Life for B was mainly with child abuse within a toxic family background, with ‘mother’ at the helm. It was an environment in a dysfunctional family amongst a chaotic mix of verbal, emotional or physical abuse. B watched as her sister was taken into care by a Social worker because her mother said she could not control her. According to them, B was ‘a good girl’; therefore, she stayed to help her mother’, just like ‘good girls do!’ But, no matter how many times she begged them to let her go into care, the answer was always no.
My child abuse hell with ‘mother.‘
My siblings and I were in a house where child abuse, trauma, and emotional neglect were routine. Our home was nothing but chaos and misery, which affected everyone due to the main contributor being ‘Our mother’. Sadly, one of my younger sisters had suffered terribly at the hands of ‘Our mother,’ and she went to see a psychiatrist when she was four because of her behaviour. Ultimately, this led to her being placed in care when she was only nine years of age.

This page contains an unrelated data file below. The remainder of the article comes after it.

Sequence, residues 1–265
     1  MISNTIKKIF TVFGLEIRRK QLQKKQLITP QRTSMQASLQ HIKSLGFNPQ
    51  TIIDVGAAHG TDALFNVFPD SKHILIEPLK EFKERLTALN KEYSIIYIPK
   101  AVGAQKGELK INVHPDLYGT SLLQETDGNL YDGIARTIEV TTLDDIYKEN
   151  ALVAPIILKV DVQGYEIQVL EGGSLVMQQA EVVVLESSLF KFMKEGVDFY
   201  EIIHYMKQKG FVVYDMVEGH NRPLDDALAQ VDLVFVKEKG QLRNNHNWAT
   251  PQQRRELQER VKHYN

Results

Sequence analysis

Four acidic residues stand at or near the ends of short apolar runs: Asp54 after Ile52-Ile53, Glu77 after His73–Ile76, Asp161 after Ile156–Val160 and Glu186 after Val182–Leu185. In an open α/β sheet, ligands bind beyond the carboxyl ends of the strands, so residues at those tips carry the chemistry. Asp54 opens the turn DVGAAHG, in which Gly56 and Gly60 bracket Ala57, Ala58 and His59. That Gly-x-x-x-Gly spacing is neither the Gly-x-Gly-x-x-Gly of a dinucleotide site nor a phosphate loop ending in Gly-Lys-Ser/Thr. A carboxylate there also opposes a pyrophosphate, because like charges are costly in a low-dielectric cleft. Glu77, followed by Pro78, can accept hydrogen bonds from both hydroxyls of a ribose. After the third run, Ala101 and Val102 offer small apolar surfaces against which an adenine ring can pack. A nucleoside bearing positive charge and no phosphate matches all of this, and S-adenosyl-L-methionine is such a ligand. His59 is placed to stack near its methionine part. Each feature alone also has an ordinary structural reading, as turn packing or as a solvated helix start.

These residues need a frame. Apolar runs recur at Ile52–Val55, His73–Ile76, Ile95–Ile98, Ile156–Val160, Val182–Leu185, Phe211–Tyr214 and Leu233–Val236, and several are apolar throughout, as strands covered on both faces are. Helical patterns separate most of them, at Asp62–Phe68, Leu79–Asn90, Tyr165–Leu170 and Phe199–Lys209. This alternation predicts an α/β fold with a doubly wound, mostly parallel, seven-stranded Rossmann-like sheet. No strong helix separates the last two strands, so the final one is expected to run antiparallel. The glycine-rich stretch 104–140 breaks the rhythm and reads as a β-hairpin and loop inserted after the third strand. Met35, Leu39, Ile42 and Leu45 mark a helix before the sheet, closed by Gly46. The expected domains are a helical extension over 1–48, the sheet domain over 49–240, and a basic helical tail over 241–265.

I was ten when my sister went away, and I asked the Social worker if I could go into care too! The reason for this? My mother said she couldn’t control her, so the Social worker took her away; subsequently, the child abuse for the rest of us children, social services forgot us. This abuse wasn’t a fantasy to me; I knew the realities of going into the care system; however, it was preferable to the child abuse and neglect we lived with daily.
However, my Social worker denied my request. According to my Social worker, I was “A good girl, and I should stay at home; where I was ‘needed’. The child abuse continued, and I felt that I didn’t belong with this abuse. I had always felt different, and I didn’t know why; I just did.
‘Mother’ or ‘Child’ why am I different?
I was ten years of age, and I was tiny; however, I lacked in size in spirit. So, there I sat, this tiny person, ME, and I asked her again in a sad voice,” I’ll not be upset, but please, tell me the truth; am I adopted?”
She looked me coldly in the eyes and said in a sinister voice, “you’re not fucking adopted.” I’m your Mother and your Fathers in Ford Cemetery; stop thinking you’re special; you’re not.’ So, now I knew why I felt different. I wasn’t adopted, was I like my real Dad? Who else knew that he was dead? Did his family want nothing to do with me? There were no answers to the questions in my head, and no one would listen or could hear me, so I gave up.
Child abuse; Drunken fight nights with knives and police cells…